flanges-valves”Goodbye,” he said, as he kissed her.  “I’ll count the minutes until we meet again.”  He was a romantic and gentle guy, and he didn’t mind showing it to the blue-eyed girl with the pregnant belly who clung to him with tears on her cheeks.  He was a young man with stars of patriotism in his eyes and laughter in his soul.  It was 2,102,400 minutes and seven thousand miles before he came home again.  There was no romance left in his heart and only visions of buddies crying for their mothers, as they bled into the dark jungle soil, to sear the inside of his head.
He spent eighteen months on the front lines, six months in a P.O.W. camp and two years in the V.A. hospital.  He had to learn how to walk again and how not to wake up screaming on hot summer nights.  He went home to a wife he could barely remember, and a child that had grown up looking at photos of the man he used to be.
Thirty years, eight thousand days on the road and five thousand meals at the mission later, he walked in our door.  “Just a cup of coffee,” he says on a rainy afternoon.  He sits with downcast eyes, the “fatigues” he wears only a little less grey and worn than he.  But they keep him in contact with the only thing he can relate to anymore, and in touch with the time when his life started to go wrong.
He sits and talks, after a time…he tells of the wife and son who finally went away after the fifth job he lost.  The mother who died down in Georgia and he didnt have the bus fare for the funeral, his only friend, a lab mix who was run down on the highway when he was too drunk to keep her leashed.  Too many losses, too much pain for a man who put it all on the line for his country, and came away with nothing.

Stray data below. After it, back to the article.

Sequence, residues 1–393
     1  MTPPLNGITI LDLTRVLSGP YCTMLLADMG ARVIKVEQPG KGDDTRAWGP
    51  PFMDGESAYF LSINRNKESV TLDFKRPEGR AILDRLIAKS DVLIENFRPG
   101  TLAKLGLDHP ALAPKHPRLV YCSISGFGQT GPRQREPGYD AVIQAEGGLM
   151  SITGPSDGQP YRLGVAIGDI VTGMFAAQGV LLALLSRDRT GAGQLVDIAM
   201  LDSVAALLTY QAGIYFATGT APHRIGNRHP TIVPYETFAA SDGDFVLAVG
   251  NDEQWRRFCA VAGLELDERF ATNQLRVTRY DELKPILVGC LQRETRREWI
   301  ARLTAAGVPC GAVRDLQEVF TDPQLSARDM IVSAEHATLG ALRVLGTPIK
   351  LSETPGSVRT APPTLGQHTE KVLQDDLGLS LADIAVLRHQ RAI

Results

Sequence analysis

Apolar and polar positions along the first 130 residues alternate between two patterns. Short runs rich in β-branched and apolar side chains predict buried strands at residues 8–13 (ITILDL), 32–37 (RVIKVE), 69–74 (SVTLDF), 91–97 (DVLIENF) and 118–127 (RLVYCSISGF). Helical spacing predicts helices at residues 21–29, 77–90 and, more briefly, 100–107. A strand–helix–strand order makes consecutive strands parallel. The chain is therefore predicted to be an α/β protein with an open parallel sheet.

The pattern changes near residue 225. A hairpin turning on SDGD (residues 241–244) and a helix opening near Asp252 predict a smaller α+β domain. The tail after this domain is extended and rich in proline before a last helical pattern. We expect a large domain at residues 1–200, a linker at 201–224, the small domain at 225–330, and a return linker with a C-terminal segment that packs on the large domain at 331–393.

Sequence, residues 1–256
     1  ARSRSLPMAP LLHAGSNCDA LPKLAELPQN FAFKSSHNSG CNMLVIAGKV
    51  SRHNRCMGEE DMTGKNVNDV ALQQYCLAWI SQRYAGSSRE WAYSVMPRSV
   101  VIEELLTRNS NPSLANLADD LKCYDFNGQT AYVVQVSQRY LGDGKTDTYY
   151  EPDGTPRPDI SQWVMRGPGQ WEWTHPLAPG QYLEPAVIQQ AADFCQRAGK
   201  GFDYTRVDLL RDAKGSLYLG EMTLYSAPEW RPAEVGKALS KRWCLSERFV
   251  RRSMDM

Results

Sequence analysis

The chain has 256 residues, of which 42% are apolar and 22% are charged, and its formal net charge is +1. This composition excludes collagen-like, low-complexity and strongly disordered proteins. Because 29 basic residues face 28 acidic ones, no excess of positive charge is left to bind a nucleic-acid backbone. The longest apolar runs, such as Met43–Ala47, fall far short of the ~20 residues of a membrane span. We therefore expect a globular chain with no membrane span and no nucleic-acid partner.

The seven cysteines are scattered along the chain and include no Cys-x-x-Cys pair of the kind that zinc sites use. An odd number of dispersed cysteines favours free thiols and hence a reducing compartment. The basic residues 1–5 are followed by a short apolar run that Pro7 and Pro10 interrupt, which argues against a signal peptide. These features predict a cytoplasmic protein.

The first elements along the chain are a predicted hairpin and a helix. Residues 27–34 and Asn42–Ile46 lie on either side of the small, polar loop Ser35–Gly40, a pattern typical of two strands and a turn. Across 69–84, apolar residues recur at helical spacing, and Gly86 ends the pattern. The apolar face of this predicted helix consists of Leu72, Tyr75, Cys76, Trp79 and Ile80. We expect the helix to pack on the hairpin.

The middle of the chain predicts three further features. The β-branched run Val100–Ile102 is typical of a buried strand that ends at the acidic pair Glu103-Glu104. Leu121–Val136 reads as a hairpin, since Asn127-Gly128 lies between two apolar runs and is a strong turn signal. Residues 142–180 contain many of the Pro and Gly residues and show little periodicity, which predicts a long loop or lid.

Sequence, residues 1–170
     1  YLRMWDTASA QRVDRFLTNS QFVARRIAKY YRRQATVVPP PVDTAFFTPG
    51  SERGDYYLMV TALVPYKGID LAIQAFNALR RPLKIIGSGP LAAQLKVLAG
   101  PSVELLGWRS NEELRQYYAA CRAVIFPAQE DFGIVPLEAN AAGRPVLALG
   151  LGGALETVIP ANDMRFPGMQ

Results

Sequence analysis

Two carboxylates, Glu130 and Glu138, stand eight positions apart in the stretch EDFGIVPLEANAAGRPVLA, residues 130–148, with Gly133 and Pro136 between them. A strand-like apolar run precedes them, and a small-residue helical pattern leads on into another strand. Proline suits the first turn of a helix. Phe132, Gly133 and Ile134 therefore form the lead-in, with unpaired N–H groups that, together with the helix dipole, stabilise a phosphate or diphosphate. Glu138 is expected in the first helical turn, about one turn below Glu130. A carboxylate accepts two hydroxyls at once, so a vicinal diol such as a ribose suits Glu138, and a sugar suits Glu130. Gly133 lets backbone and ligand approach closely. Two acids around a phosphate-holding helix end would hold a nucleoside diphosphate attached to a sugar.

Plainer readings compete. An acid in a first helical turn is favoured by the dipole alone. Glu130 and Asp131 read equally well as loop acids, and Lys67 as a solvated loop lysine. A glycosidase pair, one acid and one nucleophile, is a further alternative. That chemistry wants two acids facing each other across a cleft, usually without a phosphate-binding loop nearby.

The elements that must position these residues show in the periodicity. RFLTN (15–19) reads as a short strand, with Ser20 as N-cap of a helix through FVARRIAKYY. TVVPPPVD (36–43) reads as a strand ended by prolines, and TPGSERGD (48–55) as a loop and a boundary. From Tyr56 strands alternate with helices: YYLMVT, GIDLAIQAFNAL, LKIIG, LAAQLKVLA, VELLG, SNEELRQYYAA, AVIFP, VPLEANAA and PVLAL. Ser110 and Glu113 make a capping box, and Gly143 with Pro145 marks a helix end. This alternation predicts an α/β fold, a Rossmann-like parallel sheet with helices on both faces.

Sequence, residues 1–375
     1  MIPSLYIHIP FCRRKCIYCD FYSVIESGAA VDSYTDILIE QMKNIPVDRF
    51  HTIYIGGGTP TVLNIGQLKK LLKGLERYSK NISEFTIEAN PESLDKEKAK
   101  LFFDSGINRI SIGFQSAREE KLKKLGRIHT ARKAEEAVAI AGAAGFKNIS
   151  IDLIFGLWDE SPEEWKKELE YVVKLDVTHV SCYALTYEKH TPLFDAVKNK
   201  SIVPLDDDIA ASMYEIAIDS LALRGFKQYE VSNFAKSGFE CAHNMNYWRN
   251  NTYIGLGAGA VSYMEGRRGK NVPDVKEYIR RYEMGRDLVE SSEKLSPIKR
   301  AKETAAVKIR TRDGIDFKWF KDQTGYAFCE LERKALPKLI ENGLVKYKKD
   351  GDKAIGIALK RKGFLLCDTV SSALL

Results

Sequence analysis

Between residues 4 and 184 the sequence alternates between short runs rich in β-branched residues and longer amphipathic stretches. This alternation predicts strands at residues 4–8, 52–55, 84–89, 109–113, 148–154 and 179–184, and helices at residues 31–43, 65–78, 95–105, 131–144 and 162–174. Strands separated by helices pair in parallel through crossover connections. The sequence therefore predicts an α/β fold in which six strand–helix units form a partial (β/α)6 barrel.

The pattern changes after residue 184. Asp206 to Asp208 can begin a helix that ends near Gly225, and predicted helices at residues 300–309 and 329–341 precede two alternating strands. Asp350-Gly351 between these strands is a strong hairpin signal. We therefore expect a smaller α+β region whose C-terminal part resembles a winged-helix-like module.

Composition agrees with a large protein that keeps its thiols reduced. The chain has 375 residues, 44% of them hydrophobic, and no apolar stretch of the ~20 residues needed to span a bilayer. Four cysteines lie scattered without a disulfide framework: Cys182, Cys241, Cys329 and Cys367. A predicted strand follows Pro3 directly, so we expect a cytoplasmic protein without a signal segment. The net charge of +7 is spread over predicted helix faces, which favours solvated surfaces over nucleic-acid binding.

The staff and volunteers at ICC open their doors and hearts every day to the men who are our sons, husbands, and fathers who went through hell and never quite found their way back.  So many of our clients are veterans who were never the same again after fighting the wars that most of us barely remember.  We owe them the respect to listen, to judge not, and to try to make their road a little easier.  For the millions who have been able to go on with their lives there are a million who haven’t.  Stuck in a time warp of desperation, they camp off the bike paths and bridges of life waiting for someone to care.
That’s why your help is so important.  Every cup of coffee drunk, every blanket given, every food box provided is one more opportunity to touch a shattered life and intervene.  ICC offers a jobs program, shelter assistance through our transitional housing projects, toiletries, clothing and hope for a better tomorrow. What is the price of a man’s soul?  How do we count the cost of a life destroyed? How can we say “Thank You” to all of our veterans in ways that matter most?
If you have been one of the fortunate, please help us lend a hand to those who haven’t made it.
If you have lost a loved one, what better way to remember a bright and shining soul than to help those left behind.  Your contribution is a memorial to all our brave young men and women.